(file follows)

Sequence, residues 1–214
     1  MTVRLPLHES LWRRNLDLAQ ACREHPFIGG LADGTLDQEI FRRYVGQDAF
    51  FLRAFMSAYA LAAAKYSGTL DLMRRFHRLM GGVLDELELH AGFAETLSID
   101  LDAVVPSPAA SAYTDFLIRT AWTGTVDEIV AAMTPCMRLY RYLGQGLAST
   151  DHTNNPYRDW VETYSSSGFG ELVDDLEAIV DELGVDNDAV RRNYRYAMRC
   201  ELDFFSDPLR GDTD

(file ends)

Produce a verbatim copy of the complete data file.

Sequence, residues 1–214
     1  MTVRLPLHES LWRRNLDLAQ ACREHPFIGG LADGTLDQEI FRRYVGQDAF
    51  FLRAFMSAYA LAAAKYSGTL DLMRRFHRLM GGVLDELELH AGFAETLSID
   101  LDAVVPSPAA SAYTDFLIRT AWTGTVDEIV AAMTPCMRLY RYLGQGLAST
   151  DHTNNPYRDW VETYSSSGFG ELVDDLEAIV DELGVDNDAV RRNYRYAMRC
   201  ELDFFSDPLR GDTD